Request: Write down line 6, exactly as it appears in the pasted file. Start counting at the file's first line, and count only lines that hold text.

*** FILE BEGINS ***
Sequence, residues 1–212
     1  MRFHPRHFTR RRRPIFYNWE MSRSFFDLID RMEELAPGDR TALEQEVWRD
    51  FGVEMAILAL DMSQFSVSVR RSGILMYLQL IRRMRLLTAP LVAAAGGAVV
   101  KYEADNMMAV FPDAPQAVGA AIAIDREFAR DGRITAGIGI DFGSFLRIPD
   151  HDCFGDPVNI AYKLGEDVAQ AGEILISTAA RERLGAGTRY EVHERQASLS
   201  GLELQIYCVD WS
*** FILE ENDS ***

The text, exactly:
   201  GLELQIYCVD WS